Shape of Waters at the Deer Isle Artists Association

shape-of-waters-44-north
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The Shape of Waters exhibit has already started at the Deer Isle Artists Association  in Deer Isle Village. I have five paintings in the show, all of which depict some kind of work.

Why Work?

When I left journalism to work for a labor union, I thought I should decorate my office with an image of an American worker. So I went to the National Gallery of Art, thinking the gift shop would have a poster, print or even a notecard  depicting someone at work.

I was hoping for a nice big WPA poster,

shape-of-waters-forging

but I would have settled for a print of an Ashcan School painting — McSorley’s Bar, for example.

shape-of-waters-mcsorleys-bar
McSorley’s Bar by John Sloan.

By the time I’d spent an hour looking through the merchandise, I would have been happy to find a notecard with Millet’s The Gleaners on it.

shape-of-waters-gleaner
Jean-Francois Millet, The Gleaners

I couldn’t find one single reproduction of a painting, print or sculpture that showed an American working. I’d soon learn how invisible the working class is in the United States, but that’s a whole other story.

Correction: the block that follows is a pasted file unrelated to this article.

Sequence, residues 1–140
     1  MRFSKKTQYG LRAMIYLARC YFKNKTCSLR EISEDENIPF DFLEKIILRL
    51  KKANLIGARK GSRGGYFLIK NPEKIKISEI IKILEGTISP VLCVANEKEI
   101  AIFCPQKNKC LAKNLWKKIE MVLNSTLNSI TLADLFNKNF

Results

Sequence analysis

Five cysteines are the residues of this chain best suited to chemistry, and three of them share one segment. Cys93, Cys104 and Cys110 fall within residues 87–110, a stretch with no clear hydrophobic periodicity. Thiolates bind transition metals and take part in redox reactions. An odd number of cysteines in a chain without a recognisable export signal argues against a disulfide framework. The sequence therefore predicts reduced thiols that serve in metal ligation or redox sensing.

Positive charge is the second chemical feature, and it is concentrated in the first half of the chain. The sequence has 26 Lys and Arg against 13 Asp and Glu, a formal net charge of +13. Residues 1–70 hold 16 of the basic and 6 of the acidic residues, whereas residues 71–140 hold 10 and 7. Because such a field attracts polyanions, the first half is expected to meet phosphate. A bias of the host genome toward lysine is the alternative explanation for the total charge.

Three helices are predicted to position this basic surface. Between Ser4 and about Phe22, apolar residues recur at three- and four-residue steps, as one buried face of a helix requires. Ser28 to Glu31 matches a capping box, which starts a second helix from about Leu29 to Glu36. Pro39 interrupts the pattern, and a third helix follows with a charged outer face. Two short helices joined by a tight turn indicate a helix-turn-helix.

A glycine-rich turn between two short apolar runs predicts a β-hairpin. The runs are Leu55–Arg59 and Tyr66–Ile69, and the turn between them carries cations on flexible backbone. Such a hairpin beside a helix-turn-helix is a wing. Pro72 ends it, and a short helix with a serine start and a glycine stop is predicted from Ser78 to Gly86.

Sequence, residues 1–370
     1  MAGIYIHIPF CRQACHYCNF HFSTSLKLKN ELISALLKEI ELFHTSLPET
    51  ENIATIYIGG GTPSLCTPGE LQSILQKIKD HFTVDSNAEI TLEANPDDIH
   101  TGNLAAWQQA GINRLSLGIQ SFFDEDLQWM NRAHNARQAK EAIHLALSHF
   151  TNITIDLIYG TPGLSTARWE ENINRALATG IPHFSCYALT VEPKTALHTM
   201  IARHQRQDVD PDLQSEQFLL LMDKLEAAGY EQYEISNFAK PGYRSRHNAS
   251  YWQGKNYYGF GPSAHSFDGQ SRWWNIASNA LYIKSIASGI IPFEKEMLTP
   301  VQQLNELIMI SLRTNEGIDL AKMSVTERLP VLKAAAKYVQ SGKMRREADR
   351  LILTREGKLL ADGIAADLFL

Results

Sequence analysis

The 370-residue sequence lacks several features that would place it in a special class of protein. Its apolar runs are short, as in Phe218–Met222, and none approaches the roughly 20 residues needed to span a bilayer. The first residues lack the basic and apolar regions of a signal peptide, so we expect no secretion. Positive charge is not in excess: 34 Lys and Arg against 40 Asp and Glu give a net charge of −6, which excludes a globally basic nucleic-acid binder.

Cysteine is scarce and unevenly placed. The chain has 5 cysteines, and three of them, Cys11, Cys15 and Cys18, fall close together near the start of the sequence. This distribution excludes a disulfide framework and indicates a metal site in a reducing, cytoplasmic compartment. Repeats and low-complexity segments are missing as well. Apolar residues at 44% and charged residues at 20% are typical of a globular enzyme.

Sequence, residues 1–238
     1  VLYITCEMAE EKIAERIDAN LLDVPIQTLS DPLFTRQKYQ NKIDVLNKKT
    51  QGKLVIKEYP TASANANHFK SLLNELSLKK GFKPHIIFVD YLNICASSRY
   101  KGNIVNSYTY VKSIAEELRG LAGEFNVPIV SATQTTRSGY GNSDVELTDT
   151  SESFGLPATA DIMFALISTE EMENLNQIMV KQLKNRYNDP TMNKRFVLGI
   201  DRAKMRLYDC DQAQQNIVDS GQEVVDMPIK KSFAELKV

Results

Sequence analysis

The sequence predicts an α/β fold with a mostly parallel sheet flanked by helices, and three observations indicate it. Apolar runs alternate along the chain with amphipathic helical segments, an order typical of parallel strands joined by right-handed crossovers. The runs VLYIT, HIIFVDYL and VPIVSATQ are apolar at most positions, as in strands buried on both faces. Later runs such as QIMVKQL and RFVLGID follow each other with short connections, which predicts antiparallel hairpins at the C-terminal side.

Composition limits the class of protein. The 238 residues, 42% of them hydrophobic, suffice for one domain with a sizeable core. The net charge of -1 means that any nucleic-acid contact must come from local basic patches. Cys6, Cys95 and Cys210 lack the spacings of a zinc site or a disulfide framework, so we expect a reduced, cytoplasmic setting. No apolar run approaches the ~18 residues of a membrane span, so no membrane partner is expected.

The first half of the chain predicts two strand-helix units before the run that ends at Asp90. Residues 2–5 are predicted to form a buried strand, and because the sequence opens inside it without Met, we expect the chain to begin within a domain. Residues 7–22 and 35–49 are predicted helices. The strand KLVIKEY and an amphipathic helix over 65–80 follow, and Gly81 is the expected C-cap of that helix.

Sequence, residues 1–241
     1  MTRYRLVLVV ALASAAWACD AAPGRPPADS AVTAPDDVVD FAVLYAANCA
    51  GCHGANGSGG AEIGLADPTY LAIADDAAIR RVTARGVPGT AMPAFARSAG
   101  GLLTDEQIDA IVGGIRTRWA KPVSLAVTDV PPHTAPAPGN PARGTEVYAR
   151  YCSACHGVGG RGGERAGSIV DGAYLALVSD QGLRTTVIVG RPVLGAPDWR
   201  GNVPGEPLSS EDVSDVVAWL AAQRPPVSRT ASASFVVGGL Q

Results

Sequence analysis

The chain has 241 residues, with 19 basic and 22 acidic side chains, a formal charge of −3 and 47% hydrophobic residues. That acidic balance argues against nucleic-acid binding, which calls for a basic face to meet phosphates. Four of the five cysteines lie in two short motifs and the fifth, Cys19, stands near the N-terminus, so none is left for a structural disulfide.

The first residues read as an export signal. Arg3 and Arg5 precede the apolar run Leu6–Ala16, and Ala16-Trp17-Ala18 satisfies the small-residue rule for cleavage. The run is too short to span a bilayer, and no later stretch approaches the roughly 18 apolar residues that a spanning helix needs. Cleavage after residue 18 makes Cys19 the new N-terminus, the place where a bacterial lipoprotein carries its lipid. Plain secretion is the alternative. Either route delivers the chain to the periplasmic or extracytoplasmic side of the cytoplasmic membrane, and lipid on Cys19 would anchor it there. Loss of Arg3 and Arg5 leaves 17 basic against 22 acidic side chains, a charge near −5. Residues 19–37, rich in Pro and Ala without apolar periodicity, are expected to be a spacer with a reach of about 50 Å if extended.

Since moving to Deer Isle I’ve started to paint people at work. Usually I’ll spot them in a certain light or against a certain backdrop and I’ll ask them if I can take their picture. I take a bunch, then sometimes I go back and study the setting a little more. That’s what I did when I spotted Danielle washing windows at Inn on the Harbor.

shape-of-waters-danielle
Danielle

The painting now hangs against the yellow wall in the Inn on the Harbor lobby.

Since then I’ve done more, including Kim at 44 North. That painting — 44 North — is now in the Shape of Waters show.

shape-of-waters-44-north
44 North

I also have a painting of Dan collecting beach glass at Scott’s Landing, which is work to him, in the Shape of Waters show. Others show a painter caulking a windowsill, a shipyard worker scraping a boat, and the Stonington town cat — yes, that would be Dundee) supervising the town.

So come by and see the Shape of Waters show. There’s a reception from 3-5 pm on Sunday, July 8, at the gallery, where you can meet all the artists.

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Shape of Waters at the Deer Isle Artists Association

shape-of-waters-44-north

The Shape of Waters exhibit has already started at the Deer Isle Artists Association  in Deer Isle Village. I have five paintings in the show, all of which depict some kind of work.

Why Work?

When I left journalism to work for a labor union, I thought I should decorate my office with an image of an American worker. So I went to the National Gallery of Art, thinking the gift shop would have a poster, print or even a notecard  depicting someone at work.

I was hoping for a nice big WPA poster,

shape-of-waters-forging

but I would have settled for a print of an Ashcan School painting — McSorley’s Bar, for example.

shape-of-waters-mcsorleys-bar
McSorley’s Bar by John Sloan.

By the time I’d spent an hour looking through the merchandise, I would have been happy to find a notecard with Millet’s The Gleaners on it.